Instead, I am going in another direction, the direction that I know most closely on this case.
Casey wanted to place Caylee at birth. She did not want to be a 'mom'. She was not ready. This is obvious now. Her parents (most sources say mom) talked her out of this decision. Adoption could have saved this precious girl's life.
Those are facts. Blogging is not about facts.
What I would like to say is that she never NEVER owned her decision. Yes, deciding to place (or not to place) is a hard decision. It is the hardest I have ever made, and I don't know a single birthparent who would say otherwise. I placed my son. I own that. I own the repercussions. I hate them sometimes, but I do 'enjoy' a freedom that I would not have right now as a parent. I own that.
Casey did not 'own' her decision. She did not decide to be a mom. By not placing, she took the easy way out, bent to other people's wishes. She (italics will now be used to offset opinion masquerading as fact) denied her decision in such a way that it caused her to kill her child.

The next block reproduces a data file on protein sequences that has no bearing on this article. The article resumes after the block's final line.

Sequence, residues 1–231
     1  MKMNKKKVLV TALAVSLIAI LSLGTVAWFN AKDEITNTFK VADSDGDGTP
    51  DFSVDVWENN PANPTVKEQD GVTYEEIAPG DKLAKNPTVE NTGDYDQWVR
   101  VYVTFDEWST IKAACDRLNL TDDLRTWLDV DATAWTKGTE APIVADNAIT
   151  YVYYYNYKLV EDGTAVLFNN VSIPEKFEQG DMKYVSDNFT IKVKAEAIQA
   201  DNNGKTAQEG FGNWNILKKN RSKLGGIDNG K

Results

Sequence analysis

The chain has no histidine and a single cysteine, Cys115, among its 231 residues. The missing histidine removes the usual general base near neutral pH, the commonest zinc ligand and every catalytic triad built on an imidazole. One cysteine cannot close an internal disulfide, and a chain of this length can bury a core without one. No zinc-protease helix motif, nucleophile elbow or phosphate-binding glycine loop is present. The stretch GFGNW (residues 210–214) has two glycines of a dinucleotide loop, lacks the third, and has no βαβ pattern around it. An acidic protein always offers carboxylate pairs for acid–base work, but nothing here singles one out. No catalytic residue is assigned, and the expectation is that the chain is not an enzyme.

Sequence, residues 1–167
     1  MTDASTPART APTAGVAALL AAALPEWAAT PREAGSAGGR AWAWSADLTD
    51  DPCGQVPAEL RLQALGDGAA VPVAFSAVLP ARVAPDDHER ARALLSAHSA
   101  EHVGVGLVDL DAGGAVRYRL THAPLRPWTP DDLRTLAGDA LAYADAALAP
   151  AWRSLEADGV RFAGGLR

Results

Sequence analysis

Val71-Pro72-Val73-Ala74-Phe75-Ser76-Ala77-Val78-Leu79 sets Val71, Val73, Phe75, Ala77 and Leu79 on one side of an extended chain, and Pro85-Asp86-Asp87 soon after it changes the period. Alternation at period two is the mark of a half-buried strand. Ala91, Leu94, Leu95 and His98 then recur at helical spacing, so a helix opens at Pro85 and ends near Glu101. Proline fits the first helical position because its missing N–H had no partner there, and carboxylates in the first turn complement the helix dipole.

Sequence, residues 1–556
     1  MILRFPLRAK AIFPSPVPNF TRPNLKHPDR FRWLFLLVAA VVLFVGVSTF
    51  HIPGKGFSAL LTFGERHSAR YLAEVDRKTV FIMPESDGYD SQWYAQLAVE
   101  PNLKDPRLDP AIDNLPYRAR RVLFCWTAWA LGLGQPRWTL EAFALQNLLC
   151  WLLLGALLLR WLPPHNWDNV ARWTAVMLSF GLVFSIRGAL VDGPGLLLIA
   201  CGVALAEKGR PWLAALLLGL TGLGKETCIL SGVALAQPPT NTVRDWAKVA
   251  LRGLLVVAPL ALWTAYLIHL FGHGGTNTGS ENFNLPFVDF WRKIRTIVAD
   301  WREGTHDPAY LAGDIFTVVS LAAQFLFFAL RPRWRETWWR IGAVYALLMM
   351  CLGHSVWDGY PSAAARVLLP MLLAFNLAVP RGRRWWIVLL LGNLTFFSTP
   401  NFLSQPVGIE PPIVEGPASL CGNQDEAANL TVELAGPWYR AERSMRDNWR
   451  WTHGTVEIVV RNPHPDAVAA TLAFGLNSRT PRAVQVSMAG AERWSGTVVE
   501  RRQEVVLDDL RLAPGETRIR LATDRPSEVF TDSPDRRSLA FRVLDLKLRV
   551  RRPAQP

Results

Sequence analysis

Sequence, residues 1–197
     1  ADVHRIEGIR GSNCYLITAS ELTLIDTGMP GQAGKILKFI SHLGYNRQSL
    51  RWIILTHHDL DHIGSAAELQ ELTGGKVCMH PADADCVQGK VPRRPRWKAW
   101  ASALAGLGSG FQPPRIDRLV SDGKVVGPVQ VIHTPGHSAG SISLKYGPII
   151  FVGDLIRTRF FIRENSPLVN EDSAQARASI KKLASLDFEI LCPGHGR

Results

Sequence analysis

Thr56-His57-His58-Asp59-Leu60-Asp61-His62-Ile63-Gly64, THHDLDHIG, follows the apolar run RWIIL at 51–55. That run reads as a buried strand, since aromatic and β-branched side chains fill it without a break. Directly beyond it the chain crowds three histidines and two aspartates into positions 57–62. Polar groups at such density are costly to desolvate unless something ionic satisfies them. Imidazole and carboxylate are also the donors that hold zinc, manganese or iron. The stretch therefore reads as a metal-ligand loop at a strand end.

Where are the anti-adoption crowds now with their victory party? Yes, this child was not torn from her bloodlines, the only sense of real community she could ever know. Look at what happened. Is this your victory? Tell me how you defend this being the 'right' choice.
Adoption has it's place. It has a very real place in this world. Caylee should be turning 6, in the arms of a family who wouldn't trade her for the world. Yet Casey was shamed, discouraged and ultimately turned herself away from all that adoption would entail. This, in no way, justifies the death of that little girl. NOTHING ever will. I just don't understand why motherhood, every day motherhood, is the fall back when even SHE knew she was not prepared.
I sincerely wish no ill, nor guilt, upon Casey's parents. I understand that parents (grandparents) also have a hard road to walk when it comes to a child being placed. Being a mom, however, is just not something that you can talk someone into. It's a decision. A decision someone must own.
I never could have killed my son, not for any reason, but I see many similarities between her and I. We are close in age, our children (eh, well...) close in age as well. Neither have particularly made it far in life, no defined direction yet. I know that no matter how bad, adoption has enriched my life. I just wonder who she would be had she made the decision she was headed for, and owned it.
Adoption needs a champion, a front lines been there champion. Maybe this case can shed some light on it. Maybe Caylee's death will be not in vain.
RIP Angel Child.
With Love Always